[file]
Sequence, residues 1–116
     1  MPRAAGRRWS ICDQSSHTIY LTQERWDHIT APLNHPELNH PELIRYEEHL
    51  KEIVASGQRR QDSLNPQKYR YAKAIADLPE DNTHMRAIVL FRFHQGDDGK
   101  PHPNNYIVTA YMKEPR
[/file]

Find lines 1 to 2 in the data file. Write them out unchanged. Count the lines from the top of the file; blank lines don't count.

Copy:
Sequence, residues 1–116
     1  MPRAAGRRWS ICDQSSHTIY LTQERWDHIT APLNHPELNH PELIRYEEHL